By all accounts the day went well, quite a few people braved the cold and came to Olly's place to share recipes and their favorite honey of the season. Sorry no photo's guys.

May 2014 Hive Day at Allan's place.

removing insulation under top bar hive lid

Allan removing the insulation layer from under the hive lid

using a long flexable knife as a hive tool
After removing the spacer which stops the hive getting totally packed, we could see inside.

inspection of the parabolic brood comb
Allan inspects the condition of the brood and food stores.

people around hive without suits well tempered bees
The first hive we looked at was nice and docile, notice the frame standing on bricks to allow more room for working the hive.

people without suits spread away angry bees
But not the second, they got quite upset and most people viewed from a distance.

close up of angry bees surrounding suited beekeepers
All a buzz
Thanks to all those who came round on this lovely Autumn day, and to Allan for being the host.

April 2014 Hive Day

paracitic mite sysdrome PMS
A healthy bee (upper right) and one suffering PMS (parasitic mite syndrome) centre left.
Notice the wings are deformed due to Verroa feeding on it before the bee emerged.

incorrect use of apivar tag to hold strip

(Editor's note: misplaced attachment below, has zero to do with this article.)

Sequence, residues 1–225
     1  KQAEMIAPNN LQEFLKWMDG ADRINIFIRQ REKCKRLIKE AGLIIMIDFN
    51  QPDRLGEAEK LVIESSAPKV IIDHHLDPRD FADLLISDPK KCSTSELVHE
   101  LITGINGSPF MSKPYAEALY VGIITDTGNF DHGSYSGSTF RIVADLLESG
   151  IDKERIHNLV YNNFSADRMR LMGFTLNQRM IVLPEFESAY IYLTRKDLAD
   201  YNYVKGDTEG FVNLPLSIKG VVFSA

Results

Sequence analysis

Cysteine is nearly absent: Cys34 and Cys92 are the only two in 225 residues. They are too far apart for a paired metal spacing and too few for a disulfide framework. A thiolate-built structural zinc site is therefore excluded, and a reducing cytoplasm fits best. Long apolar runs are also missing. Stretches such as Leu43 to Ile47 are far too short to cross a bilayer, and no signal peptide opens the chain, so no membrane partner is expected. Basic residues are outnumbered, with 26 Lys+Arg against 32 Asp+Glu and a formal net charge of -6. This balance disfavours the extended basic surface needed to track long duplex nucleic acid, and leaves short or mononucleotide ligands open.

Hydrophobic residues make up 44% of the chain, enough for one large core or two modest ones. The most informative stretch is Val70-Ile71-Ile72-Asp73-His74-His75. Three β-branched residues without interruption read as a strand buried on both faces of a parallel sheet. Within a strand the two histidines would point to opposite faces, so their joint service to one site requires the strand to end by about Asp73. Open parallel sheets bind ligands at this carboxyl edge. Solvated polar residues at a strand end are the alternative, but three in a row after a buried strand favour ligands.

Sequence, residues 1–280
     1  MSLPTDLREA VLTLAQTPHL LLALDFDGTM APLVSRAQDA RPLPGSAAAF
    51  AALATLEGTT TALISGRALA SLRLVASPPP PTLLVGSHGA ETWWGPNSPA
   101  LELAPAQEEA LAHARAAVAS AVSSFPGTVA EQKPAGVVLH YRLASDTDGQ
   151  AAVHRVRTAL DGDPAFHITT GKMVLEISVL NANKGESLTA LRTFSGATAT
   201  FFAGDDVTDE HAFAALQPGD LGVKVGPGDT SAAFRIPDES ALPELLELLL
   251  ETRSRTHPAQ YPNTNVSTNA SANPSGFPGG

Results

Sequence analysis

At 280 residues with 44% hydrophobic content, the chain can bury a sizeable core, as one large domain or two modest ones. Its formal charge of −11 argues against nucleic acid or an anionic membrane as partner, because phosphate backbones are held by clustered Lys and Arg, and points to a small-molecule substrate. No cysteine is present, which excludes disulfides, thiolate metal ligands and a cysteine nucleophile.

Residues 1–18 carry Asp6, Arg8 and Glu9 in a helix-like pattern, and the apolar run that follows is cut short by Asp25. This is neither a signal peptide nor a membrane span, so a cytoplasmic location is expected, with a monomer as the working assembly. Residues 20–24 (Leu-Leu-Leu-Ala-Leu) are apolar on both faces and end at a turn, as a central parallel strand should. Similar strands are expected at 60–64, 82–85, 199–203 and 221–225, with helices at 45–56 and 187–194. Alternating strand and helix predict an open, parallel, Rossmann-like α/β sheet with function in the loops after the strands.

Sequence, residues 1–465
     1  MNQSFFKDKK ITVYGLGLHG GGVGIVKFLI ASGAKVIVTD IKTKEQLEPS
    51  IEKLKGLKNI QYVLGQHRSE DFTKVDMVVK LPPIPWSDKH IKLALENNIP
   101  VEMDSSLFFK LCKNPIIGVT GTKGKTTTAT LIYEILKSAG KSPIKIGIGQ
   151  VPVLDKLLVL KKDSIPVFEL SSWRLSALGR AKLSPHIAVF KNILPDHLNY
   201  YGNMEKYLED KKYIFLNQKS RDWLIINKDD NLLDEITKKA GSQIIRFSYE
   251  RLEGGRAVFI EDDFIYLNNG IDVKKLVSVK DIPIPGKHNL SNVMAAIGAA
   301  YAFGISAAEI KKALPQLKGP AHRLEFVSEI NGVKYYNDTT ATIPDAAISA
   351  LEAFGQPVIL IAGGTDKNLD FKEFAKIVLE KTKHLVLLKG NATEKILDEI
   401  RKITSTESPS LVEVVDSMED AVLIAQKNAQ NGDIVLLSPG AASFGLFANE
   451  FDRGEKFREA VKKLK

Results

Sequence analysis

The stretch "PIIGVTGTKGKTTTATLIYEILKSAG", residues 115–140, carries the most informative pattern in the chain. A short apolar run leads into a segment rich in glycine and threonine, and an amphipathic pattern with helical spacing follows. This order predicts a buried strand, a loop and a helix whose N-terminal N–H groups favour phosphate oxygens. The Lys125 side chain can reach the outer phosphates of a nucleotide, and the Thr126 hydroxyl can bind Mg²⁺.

Try not to use the tag on Apivar to secure the strips, the strips bend against the comb and don't give the full surface area for treatment.
Use something like a cut down kebab skewer or long match stick (with the head cut off) through the hole in the top so they hang properly.

apivar hanging through queen excluder

An alternative method for securing the Apivar strips for the box directly below the queen excluder.

feeding sugar syrup to top up winter stored
Topping up the club hive's winter supplies with sugar syrup

club members hanging round in their bee suits
They talk about "The Robot" dance, I think we might be well on our way to "The Beekeeper" with these poses.
Thanks to all for coming along despite the poor weather

March 2014 Hive Day

uniform brood pattern with honey on the outside
A nice uniform brood pattern, the new queen is getting going.

hatched queen cell with protective tube   plastic queen cup and protective tube seperated 
The grafted queen cell in the frame with protective tube, notice how the bees have chewed the wax around it. The queen cell separated from the protective tube.

natural queen cup
A queen cup the bees have made.

time to treat for verroa with strips
Wearing protective gloves to handle Bayvarol strips for Verroa treatment,
ensuring it is places where the brood is situated

February 2014 Hive Day

graeme and club hive with members suited up
First meeting of the new year and an introduction to the club hive.

looking inside the brood box and explaining whats happening
Looking inside the brood box to check on the swarms growth over the summer break.

graeme and a club member getting a good look insite the hive
Going head to head with inspections, sometimes its a bit hard to see whats happening.

verroa mite on a drone larvae
Verroa mite present on a drone larvae.
A good all in all, the swarms seem to be coming along well.

Website © North Canterbury Beekeepers Club 2014
Images © of the respective photographers